Risotto Balls

Risotto Balls

I’m not usually one to toot my own horn, but I’m just going to say it flat out. I think that my risotto balls are the best. Toot toot!

These risotto balls are famous (at least in my family) and I make them a lot, especially on holidays. One of the main reasons why I've held back on posting about them is that I never really had a set “recipe.” I pretty much make a standard risotto and then add as much butter and Parmesan as I want until it tastes delicious. Of course, there’s a little more to making risotto balls than that, so I finally wrote down a recipe. But I will suggest keeping some extra butter and Parmesan on the side. You know, just in case.

To prepare the risotto balls, I start with a traditional white wine-spiked parmesan risotto, which I make sure is a little tighter than it typically should be. A well-made risotto is creamy but not thick, and smooth but not thin. In other words, it should spread a little when spooned onto a plate, not stand on its own. You’ll know you hit the right balance, when the risotto moves and ripples like a wave when you shake the pan. This is called all’onda (“wave”) in Italian. For risotto balls, I cook the risotto just past all’onda (emphasis on just), then cool, so that the rice holds together well when shaped.

Just a quick side note about risotto: Despite its reputation for being kind of a fancy dish, it is practically the easiest thing in the world to make. There is somewhat of an art to it, but it’s nothing the average Joe couldn't master. I did, after all. The result you want is for the rice (Arborio) to be fully cooked through while simultaneously holding the perfect consistency. The trick is to gradually add simmering hot stock, and to constantly, and quite vigorously, stir between each addition to develop the starch. All it takes is a little sweat and elbow grease. You’ll achieve extra richness and creaminess at the end by “finishing” with the butter and cheese.

Ingredients

  • To prepare the risotto balls, I start with a traditional white wine-spiked parmesan risotto, which I make sure is a little tighter than it typically should be. A well-made risotto is creamy but not thick, and smooth but not thin. In other words, it should spread a little when spooned onto a plate, not stand on its own. You’ll know you hit the right balance, when the risotto moves and ripples like a wave when you shake the pan. This is called all’onda (“wave”) in Italian. For risotto balls, I cook the risotto just past all’onda (emphasis on just), then cool, so that the rice holds together well when shaped.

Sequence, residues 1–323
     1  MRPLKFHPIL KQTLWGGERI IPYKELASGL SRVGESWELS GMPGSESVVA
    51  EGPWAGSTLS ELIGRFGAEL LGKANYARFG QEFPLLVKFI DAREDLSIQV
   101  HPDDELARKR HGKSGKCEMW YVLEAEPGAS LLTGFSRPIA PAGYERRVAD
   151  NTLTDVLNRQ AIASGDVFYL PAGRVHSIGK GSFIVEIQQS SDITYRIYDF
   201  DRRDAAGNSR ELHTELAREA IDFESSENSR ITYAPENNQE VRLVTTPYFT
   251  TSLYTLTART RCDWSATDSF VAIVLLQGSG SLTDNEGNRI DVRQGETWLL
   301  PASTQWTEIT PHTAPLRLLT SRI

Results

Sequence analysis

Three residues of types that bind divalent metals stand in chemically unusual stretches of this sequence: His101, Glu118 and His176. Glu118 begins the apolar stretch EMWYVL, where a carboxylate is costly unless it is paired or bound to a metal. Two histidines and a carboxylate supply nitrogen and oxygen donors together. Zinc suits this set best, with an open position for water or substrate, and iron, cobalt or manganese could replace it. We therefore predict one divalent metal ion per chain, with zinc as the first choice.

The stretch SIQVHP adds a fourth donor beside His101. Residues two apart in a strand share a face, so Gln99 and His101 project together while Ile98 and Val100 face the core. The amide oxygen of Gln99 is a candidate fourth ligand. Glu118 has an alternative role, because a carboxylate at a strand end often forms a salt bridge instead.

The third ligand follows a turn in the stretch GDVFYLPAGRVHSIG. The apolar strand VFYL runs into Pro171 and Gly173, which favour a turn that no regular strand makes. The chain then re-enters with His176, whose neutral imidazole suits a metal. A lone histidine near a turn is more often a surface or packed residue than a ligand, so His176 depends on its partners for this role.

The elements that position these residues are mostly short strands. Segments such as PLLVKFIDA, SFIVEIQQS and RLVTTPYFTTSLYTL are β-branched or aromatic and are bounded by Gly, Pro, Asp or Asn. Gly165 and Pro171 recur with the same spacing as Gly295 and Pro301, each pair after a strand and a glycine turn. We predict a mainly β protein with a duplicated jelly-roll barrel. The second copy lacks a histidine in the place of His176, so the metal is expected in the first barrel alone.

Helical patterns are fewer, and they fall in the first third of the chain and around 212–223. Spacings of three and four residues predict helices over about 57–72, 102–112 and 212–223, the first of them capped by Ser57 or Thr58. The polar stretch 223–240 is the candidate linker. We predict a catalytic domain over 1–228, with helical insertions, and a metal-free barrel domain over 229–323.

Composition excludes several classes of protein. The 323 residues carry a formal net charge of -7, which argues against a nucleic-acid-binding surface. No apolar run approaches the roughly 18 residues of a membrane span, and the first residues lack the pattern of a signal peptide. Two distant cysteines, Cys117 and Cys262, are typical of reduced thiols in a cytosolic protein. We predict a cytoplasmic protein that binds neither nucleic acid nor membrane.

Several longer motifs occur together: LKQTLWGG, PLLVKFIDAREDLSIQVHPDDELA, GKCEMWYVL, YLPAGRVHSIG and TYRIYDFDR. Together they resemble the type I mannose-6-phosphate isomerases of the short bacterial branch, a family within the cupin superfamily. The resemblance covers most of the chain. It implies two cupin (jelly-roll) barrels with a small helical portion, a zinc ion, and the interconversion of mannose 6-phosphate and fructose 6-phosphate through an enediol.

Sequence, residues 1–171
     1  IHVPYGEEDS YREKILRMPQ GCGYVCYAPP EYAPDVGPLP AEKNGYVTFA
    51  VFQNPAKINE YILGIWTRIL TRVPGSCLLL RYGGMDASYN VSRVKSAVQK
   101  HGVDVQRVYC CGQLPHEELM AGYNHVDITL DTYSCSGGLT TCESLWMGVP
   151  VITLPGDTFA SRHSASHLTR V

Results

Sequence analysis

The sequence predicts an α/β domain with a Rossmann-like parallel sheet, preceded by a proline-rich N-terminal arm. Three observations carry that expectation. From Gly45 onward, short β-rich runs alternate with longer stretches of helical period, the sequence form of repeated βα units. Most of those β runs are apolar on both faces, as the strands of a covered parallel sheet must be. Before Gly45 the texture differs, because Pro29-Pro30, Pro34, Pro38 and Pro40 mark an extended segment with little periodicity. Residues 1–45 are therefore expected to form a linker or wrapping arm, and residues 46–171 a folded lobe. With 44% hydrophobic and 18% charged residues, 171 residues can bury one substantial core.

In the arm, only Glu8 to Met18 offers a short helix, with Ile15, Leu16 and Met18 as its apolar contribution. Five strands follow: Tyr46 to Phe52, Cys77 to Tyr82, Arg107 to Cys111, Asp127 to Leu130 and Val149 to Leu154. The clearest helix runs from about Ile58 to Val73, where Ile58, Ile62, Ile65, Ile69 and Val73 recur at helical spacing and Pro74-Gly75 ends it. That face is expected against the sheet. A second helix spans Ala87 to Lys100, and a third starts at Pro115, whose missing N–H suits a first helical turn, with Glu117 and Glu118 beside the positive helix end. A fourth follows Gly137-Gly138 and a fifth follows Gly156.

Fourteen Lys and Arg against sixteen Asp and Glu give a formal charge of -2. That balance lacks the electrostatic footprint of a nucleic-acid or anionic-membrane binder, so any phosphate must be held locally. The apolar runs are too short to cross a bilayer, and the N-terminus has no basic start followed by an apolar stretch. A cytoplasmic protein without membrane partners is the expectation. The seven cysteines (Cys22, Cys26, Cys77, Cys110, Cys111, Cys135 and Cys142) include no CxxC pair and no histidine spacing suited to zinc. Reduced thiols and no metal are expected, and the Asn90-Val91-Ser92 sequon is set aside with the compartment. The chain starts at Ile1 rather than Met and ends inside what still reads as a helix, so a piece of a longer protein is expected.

• Just like making a meatball, I form the risotto with my hands, stuffing a cube of Fontina into each one as I go along. At about 2 ½”- 3” they are just the right size, so you can pop them into your mouth one after the other—and believe me, you’ll want to. Fun fact: Risotto balls are also called arancini, meaning “little oranges” in Italian, which describes their ideal size and shape perfectly. We’re having a regular language lesson today! A little breading of eggs and seasoned panko breadcrumb, and they’re ready to be fried. I deep-fry mine at 325-250 degrees to get them golden on the outside and melted on the inside.
  • The simple cheesy goodness of these risotto balls makes them the perfect appetizer, side dish, or snack. And when it’s a holiday, stack ‘em up high so that everyone can get a few. They can easily be made in advance and reheated. You’re welcome!
  • Risotto Balls:
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  • Yield: About 12, 2 ½”-3” risotto balls
  • 1 quart chicken stock
  • 2 tablespoons butter, plus 2 tablespoons for finishing
  • ½ cup finely chopped shallots
  • 1 ½ cups Arborio rice
  • ½ cup dry white wine
  • ½ cup grated Parmigiano Reggiano
  • ¼ cup chopped fresh parsley
  • Salt and pepper to taste
  • Fontina cheese, cut into 12 cubes
  • 1 quart canola or other fryer-friendly oil
  • 2 eggs, beaten
  • About 1 cup panko breadcrumb, seasoned with salt, pepper, and ¼ cup grated Parmigiano Reggiano
Read the whole recipe on Cook's Book